Last reviewed 7 May 2021
The Royal Society of Chemistry (RSC) has joined with industry partners to clean up chemicals used in consumer products.
The new Sustainability Task Force aims to make polymers in liquid form (PLF) — used in millions of everyday products — more sustainable.
PFLs are found in millions of consumer and industrial products — from paints to shampoos and detergents. RSC estimates that 36 billion tonnes of these materials, enough to fill 14,500 Olympic sized swimming pools or Wembley stadium 32 times over, are made and sold each year.
Professor Tom Welton, President of the Royal Society of Chemistry, says PLFs haven’t previously received much attention because they are ingredients rather than products.
“Currently, these valuable chemicals are produced in huge quantities, used, and then never recovered. We simply must develop new technologies and apply circular economy principles to collect them, reuse them as new products and raw materials, and offer further bio-based and biodegradable alternatives.”
The RSC points out that more than 36.25 million tonnes of PFLs are recovered after use worldwide each year but accepts many are hard to recycle, and only a small proportion of the materials can be re-circulated.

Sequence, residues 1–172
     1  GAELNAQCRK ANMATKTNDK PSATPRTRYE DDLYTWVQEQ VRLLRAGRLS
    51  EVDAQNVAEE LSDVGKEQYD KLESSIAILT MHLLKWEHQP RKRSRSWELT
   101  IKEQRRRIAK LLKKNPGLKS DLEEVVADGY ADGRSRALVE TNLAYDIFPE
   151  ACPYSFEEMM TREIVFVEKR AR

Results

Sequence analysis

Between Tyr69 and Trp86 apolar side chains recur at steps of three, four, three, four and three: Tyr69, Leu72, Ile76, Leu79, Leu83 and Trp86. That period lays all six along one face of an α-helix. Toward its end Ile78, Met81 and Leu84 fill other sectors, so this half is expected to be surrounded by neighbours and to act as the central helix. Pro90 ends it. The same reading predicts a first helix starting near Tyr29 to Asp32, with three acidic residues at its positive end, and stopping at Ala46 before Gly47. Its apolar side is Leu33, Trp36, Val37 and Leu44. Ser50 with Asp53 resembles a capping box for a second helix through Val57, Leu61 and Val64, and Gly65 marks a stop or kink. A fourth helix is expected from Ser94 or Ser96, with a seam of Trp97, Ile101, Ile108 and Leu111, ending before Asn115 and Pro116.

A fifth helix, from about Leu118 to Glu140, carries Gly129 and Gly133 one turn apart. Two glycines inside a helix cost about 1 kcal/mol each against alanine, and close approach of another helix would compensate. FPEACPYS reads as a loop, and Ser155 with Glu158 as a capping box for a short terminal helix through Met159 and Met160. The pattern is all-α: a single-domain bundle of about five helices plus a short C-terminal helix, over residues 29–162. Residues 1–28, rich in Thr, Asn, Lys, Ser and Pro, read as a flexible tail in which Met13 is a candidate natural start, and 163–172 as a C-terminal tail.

Welton says there are technical challenges in creating sustainable alternatives but argues that “overcoming these challenges would offer colossal sustainability benefits”.
Some of the world’s largest players have joined the RSC taskforce in tackle this issue, including Unilever, Afton Chemicals, Scott Bader, and Crown Paints. Jason Harcup, Unilever’s Global Vice President for Research and Development, said his company is “delighted to join the task force and be part of the solution.
“By bringing together the latest material science and technology, we can create new innovations that further improve ingredients and formulations used in everyday products for the benefit of people and the planet.”
The taskforce aims to explore various bio-based and biodegradable alternatives to fossil-based PLFs, and will research new ways to recycle and reuse existing fossil-based PLFs.
Further information about the taskforce and its work can be found here.